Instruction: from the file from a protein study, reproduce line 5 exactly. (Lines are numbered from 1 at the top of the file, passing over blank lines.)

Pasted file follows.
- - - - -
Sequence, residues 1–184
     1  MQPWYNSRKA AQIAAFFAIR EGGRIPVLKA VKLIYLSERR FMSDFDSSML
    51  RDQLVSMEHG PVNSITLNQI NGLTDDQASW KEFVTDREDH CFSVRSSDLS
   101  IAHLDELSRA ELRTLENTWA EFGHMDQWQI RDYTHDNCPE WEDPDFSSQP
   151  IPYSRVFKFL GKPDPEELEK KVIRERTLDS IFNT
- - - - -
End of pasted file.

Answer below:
   151  IPYSRVFKFL GKPDPEELEK KVIRERTLDS IFNT